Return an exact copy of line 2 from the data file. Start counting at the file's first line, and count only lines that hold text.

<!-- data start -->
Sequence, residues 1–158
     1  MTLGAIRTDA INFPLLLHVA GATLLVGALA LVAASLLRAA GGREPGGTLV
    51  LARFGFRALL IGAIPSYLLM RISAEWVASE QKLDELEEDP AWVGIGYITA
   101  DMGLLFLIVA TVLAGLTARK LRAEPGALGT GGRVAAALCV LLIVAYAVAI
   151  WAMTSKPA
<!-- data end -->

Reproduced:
     1  MTLGAIRTDA INFPLLLHVA GATLLVGALA LVAASLLRAA GGREPGGTLV